Many tools in analysis and combinatorics, such as integration by parts, summation by parts, the fundamental theorem of calculus, or telescoping series, can create undesirable "boundary" terms when the integral or sum is cut off. When faced with this problem, one can sometimes solve it by averaging over all choices of the parameter that is generating this boundary, or (equivalently) by choosing the parameter randomly and using the probabilistic method.
Problem (Non-endpoint Sobolev inequality) Let , and let be such that . Establish the Sobolev inequality
for all smooth compactly supported functions , where denotes a constant that depends on .
Solution The strategy here is to obtain some pointwise bound on in terms of an integral involving other values of and , so that one can appeal to known inequalities, and specifically Young's inequality. Indeed, if we can get a pointwise bound of the form
for two kernels which are bounded in , where , then we will be done by Young's inequality and the triangle inequality.
From the fundamental theorem of calculus, we can write
for any , , and , so by the triangle inequality
This does indeed express in terms of values of and at other places, but it is not of the form (1); the measures that one is convolving by here are far too singular. But we can do better by averaging the parameters. If we first average over all directions in the unit sphere, we obtain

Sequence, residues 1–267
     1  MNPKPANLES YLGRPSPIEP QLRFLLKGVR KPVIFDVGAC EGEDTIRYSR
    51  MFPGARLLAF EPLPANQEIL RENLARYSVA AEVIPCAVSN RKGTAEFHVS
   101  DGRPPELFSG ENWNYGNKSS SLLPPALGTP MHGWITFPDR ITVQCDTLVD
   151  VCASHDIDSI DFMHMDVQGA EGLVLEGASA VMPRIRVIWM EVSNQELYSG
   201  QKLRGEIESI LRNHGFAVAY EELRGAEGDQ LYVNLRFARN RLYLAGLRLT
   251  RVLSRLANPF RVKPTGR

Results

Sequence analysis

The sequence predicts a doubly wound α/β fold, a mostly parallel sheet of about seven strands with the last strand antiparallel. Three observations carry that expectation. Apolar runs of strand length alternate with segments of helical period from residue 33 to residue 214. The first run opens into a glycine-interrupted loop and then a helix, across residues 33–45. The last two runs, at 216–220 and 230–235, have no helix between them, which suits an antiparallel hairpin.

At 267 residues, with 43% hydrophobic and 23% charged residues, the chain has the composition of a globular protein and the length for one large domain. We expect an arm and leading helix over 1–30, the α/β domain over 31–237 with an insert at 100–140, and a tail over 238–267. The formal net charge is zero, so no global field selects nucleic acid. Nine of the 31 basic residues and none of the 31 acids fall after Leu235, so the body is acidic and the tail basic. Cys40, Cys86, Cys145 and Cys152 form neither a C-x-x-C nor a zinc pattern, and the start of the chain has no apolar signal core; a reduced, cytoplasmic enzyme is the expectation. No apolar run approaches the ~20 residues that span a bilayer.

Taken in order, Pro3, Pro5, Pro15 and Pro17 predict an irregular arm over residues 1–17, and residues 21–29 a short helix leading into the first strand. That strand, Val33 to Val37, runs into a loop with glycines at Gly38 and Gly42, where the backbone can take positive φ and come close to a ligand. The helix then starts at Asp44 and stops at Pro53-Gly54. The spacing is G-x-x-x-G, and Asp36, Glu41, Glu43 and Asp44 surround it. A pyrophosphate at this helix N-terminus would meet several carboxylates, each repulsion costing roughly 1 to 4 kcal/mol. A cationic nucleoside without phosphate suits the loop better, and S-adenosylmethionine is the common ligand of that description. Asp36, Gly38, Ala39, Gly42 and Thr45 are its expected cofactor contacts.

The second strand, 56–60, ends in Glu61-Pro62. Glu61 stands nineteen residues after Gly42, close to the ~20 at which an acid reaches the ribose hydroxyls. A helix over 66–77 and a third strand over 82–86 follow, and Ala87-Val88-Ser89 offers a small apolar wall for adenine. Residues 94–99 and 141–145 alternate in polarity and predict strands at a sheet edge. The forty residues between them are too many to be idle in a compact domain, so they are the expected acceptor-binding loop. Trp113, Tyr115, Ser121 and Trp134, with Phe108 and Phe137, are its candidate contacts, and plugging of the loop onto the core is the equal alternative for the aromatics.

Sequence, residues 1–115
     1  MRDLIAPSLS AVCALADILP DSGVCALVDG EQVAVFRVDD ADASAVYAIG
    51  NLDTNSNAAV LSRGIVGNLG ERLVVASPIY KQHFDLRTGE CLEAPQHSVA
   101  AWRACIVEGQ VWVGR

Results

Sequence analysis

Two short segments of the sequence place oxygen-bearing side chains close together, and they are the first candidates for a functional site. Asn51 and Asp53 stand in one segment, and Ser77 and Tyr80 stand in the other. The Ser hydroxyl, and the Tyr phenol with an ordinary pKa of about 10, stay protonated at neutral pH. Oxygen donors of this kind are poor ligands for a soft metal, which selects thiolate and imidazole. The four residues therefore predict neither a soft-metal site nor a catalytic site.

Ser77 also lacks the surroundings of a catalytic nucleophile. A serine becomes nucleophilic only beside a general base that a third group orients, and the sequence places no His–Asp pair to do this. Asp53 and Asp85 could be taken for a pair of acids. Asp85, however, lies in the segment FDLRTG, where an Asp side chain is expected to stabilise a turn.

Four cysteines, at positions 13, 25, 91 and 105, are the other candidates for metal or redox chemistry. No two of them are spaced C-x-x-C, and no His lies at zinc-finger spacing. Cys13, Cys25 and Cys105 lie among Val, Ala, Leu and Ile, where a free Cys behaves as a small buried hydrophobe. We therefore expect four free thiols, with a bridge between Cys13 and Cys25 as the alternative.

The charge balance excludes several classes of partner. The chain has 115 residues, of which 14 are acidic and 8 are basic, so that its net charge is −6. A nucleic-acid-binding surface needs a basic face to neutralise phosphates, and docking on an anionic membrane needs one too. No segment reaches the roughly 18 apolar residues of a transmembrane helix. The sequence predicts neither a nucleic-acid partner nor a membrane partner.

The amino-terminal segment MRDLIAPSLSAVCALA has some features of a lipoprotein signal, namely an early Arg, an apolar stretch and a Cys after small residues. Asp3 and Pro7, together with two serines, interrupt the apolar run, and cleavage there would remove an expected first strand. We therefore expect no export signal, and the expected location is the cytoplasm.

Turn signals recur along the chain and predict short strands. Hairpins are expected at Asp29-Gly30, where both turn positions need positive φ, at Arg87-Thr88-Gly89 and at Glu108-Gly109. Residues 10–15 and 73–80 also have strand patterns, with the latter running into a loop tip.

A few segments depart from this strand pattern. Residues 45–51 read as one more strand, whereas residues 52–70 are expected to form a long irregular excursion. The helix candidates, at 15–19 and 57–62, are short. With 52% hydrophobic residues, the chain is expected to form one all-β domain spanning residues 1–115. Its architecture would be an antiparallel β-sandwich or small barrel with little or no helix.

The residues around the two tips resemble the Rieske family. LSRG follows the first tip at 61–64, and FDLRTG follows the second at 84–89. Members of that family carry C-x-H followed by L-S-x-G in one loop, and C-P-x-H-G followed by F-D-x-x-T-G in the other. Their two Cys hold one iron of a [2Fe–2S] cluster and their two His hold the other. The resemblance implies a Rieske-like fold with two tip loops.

which upon converting from polar coordinates back to Cartesian, becomes
The second term is in the desired form (1), but the first term is still problematic (one is convolving here with a singular measure supported on a sphere of radius , rather than an function to which Young's inequality can be applied). But we can average this problem away, by integrating over all choices of from to (say). To simplify the average we will replace the constraint by the slightly looser constraint , and end up with
or, upon a further conversion from polar to Cartesian coordinates,
Thus, one can bound pointwise by the convolution of with , plus the convolution of with . One can check that one now has the desired representation (1).
This technique is closely related to that of using smoothing sums. Indeed, one can view a smoothed sum as an average of an unsmoothed sum.
Another related tactic is to use the pigeonhole principle to select a good choice of boundary term.